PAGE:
Most cases of HEV infection in non-endemic countries have been associated with travel to HEV endemic regions, but sporadic autochthonous hepatitis E occur by zoonotic transmission [7, 12]. The results of this study supported the hypothesis that zoonotic transmission is an important risk factor for HEV infection in the republic of Korea. First, skilled agricultural, forestry, and fishery workers had the highest risk of being seropositive for HEV compared with other occupation group in our study. Similarly, professionals such as veterinarians and famers that are in frequent contact with animals, as well as people who frequently consume raw animal products, have a high prevalence of anti-HEV antibodies in other studies [9, 10, 12].
Second, previous epidemiological studies have identified consumption of HEV contaminated raw shellfish and oysters as an important risk factor for HEV infection [33, 34]. A recent study conducted in the republic of Korea showed that HEV genotype 3 that closely resembles a Korean strain of swine HEV was present in oysters and that the consumption of contaminated shellfish caused sporadic acute hepatitis E cases [15, 35]. The higher seroprevalence of coastal and rural areas in this study could be attributed to the more frequent contact with animals and raw shellfish. However, because the risk factors for HEV infection are not well defined, data for risk factor assessment could not be collected during the KNHANES IV study, resulting in our inability to conclusively examine the route of transmission or the extent of zoonotic HEV infections and the role of consumption of uncooked or undercooked meats HEV infections in the republic of Korea.
Overall, the seroprevalence of anti-HEV antibodies was evaluated by conducting a national survey and the association of serum anti-HEV antibodies with subject age, gender, region of residency, education level, and occupation was evaluated. Although HEV is non-endemic in the republic of Korea, the prevalence of anti-HEV antibodies in the Korean population was relatively higher than that of countries with non-endemic HEV. In addition, occupational exposure to infected animals and consuming contaminated food play a significant role in autochthonous hepatitis E in the republic of Korea, and several other identified potential associations, like older age and gender, consistent with findings in studies. Therefore, this study provides information that may be used for HEV risk factor assessment to prevent and reduce HEV infection in this country. Further studies that include detailed and continuous nationwide surveys are required to identify unrecognized risk factors and to monitor the HEV infection prevalence in the Republic of Korea.
Reyes GR, Purdy MA, Kim JP, Luk KC, Young LM, Fry KE, Bradley DW: Isolation of a cDNA from the virus responsible for enterically transmitted non-A, non-B hepatitis. Science. 1990, 247: 1335-1339. 10.1126/science.2107574.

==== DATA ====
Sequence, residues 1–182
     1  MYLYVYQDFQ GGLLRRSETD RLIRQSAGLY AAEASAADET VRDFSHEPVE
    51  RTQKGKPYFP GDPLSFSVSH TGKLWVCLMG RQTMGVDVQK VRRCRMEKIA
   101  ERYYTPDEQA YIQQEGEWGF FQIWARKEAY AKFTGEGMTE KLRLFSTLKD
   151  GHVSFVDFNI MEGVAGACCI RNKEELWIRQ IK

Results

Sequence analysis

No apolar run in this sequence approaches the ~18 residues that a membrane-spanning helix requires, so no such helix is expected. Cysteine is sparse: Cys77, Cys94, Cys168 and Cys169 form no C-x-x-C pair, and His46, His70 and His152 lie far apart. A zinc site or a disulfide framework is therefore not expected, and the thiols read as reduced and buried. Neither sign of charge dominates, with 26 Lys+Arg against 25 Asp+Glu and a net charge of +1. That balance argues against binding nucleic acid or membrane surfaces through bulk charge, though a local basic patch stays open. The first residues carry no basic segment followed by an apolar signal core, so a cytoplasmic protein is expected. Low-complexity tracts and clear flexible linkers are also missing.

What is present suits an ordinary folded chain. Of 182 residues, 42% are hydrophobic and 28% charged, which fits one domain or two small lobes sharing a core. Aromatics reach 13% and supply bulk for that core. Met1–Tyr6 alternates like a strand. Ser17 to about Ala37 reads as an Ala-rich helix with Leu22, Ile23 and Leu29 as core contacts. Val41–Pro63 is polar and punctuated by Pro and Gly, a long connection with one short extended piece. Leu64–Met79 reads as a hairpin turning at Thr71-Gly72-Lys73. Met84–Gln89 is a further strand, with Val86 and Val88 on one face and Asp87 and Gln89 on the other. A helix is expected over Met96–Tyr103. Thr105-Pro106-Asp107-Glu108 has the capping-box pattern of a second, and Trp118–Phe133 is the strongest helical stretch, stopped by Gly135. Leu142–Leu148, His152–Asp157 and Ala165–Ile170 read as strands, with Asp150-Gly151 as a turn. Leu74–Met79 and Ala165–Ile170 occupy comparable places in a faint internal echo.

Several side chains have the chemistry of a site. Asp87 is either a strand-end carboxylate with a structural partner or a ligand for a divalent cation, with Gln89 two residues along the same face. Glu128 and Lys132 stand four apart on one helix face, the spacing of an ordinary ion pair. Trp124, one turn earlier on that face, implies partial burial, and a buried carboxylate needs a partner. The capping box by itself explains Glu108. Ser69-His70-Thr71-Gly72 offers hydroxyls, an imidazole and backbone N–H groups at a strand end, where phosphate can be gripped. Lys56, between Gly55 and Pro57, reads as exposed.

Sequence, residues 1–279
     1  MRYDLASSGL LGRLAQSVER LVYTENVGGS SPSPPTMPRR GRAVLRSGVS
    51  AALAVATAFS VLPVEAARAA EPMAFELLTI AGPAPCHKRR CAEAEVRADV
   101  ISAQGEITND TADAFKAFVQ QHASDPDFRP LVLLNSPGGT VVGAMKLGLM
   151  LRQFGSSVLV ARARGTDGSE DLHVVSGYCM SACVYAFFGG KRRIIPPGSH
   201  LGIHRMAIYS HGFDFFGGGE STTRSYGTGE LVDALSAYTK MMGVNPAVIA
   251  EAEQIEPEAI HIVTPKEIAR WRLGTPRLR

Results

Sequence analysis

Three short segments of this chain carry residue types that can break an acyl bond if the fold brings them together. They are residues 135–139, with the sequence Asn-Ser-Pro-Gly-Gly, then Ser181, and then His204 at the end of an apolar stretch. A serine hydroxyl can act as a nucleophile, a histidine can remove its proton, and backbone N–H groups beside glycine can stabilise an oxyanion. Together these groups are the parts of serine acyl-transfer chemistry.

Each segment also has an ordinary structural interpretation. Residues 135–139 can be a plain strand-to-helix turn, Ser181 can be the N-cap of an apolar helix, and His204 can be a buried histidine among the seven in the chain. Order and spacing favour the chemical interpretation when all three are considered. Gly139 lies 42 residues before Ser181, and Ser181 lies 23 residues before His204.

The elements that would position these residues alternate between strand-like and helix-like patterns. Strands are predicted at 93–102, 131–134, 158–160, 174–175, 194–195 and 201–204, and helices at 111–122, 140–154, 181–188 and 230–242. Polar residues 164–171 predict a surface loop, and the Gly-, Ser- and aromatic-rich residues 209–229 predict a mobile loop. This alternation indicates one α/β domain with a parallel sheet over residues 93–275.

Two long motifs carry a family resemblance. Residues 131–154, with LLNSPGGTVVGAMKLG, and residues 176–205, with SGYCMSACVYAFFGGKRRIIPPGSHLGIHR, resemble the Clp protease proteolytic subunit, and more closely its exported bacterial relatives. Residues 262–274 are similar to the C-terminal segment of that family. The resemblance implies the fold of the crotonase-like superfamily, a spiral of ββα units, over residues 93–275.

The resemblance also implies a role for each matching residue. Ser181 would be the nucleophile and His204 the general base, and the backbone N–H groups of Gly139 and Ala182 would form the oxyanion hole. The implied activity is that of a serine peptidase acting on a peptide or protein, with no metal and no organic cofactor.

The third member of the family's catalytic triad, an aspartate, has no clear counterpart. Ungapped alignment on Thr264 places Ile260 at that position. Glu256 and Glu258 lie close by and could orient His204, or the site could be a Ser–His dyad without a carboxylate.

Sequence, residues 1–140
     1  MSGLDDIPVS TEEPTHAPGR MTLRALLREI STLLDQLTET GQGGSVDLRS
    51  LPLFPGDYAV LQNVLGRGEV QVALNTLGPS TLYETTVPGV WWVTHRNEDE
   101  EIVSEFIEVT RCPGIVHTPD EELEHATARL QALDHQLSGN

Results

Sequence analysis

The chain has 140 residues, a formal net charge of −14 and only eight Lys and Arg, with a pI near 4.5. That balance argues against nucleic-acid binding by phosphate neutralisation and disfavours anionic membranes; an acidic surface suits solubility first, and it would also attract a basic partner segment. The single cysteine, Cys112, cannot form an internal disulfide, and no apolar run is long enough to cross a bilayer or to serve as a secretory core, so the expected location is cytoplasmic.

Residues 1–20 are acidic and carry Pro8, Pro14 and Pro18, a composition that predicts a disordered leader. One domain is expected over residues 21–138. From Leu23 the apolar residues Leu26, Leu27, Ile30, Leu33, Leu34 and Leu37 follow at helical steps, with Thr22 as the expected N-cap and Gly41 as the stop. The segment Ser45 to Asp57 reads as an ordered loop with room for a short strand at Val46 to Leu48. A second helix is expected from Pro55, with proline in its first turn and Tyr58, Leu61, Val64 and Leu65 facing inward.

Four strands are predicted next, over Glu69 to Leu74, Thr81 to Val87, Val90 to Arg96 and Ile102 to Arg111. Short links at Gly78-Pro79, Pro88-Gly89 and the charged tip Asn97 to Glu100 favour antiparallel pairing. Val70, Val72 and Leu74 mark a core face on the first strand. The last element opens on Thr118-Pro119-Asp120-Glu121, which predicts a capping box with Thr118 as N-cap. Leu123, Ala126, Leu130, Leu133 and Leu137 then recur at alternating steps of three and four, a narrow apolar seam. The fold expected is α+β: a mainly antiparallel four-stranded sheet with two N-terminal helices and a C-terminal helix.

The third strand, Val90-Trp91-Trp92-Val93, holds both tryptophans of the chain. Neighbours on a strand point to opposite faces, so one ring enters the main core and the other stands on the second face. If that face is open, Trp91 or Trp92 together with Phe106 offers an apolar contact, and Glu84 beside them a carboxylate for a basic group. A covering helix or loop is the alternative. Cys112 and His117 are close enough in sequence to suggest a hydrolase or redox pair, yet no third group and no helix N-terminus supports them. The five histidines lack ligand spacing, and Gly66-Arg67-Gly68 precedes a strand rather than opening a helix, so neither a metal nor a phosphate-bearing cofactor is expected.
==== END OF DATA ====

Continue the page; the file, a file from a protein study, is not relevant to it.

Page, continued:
Dalton HR, Bendall R, Ijaz S, Banks M: Hepatitis E: an emerging infection in developed countries. Lancet Infect Dis. 2008, 8: 698-709. 10.1016/S1473-3099(08)70255-X.
Kumar A, Beniwal M, Kar P, Sharma JB, Murthy NS: Hepatitis E in pregnancy. Int J Gynaecol Obstet. 2004, 85: 240-244. 10.1016/j.ijgo.2003.11.018.
Verhoef L, Koopmans M, Duizer E, Bakker J, Reimerink J, Van Pelt W: Seroprevalence of hepatitis E antibodies and risk profile of HEV seropositivity in The Netherlands, 2006–2007. Epidemiol Infect. 2012, 140: 1838-1847. 10.1017/S0950268811002913.
Jeong SH: Current status of hepatitis e virus infection in Korea. Gut Liver. 2011, 5: 427-431. 10.5009/gnl.2011.5.4.427.
Ijaz S, Arnold E, Banks M, Bendall RP, Cramp ME, Cunningham R, Dalton HR, Harrison TJ, Hill SF, Macfarlane L, Meigh RE, Shafi S, Sheppard MJ, Smithson J, Wilson MP, Teo CG: Non-travel-associated hepatitis E in England and Wales: demographic, clinical, and molecular epidemiological characteristics. J Infect Dis. 2005, 192: 1166-1172. 10.1086/444396.
Meng XJ, Wiseman B, Elvinger F, Guenette DK, Toth TE, Engle RE, Emerson SU, Purcell RH: Prevalence of antibodies to hepatitis E virus in veterinarians working with swine and in normal blood donors in the United States and other countries. J Clin Microbiol. 2002, 40: 117-122. 10.1128/JCM.40.1.117-122.2002.
Kuniholm MH, Purcell RH, McQuillan GM, Engle RE, Wasley A, Nelson KE: Epidemiology of hepatitis E virus in the United States: results from the Third National Health and Nutrition Examination Survey, 1988–1994. J Infect Dis. 2009, 200: 48-56. 10.1086/599319.
Kim YM, Jeong SH, Kim JY, Song JC, Lee JH, Kim JW, Yun H, Kim JS: The first case of genotype 4 hepatitis E related to wild boar in South Korea. J Clin Virol. 2011, 50: 253-256. 10.1016/j.jcv.2010.11.005.
Takeda H, Matsubayashi K, Sakata H, Sato S, Kato T, Hino S, Tadokoro K, Ikeda H: A nationwide survey for prevalence of hepatitis E virus antibody in qualified blood donors in Japan. Vox Sang. 2010, 99: 307-313. 10.1111/j.1423-0410.2010.01362.x.
Yun H, Lee H, Cheon D, Chu C, Oh KW, Kim YT, Jee Y: Seroprevalence of Hepatitis A and E Viruses Based on the Third Korea National Health and Nutrition Survey in Korea. Osong Public Health and Research Perspectives. 2011, 2: 46-50. 10.1016/j.phrp.2011.04.009.
Ahn JM, Kang SG, Lee DY, Shin SJ, Yoo HS: Identification of novel human hepatitis E virus (HEV) isolates and determination of the seroprevalence of HEV in Korea. J Clin Microbiol. 2005, 43: 3042-3048. 10.1128/JCM.43.7.3042-3048.2005.
Chaussade H, Rigaud E, Allix A, Carpentier A, Touze A, Delzescaux D, Choutet P, Garcia-Bonnet N, Coursaget P: Hepatitis E virus seroprevalence and risk factors for individuals in working contact with animals. J Clin Virol. 2013, 58: 504-508. 10.1016/j.jcv.2013.08.030.
Choi IS, Kwon HJ, Shin NR, Yoo HS: Identification of swine hepatitis E virus (HEV) and prevalence of anti-HEV antibodies in swine and human populations in Korea. J Clin Microbiol. 2003, 41: 3602-3608. 10.1128/JCM.41.8.3602-3608.2003.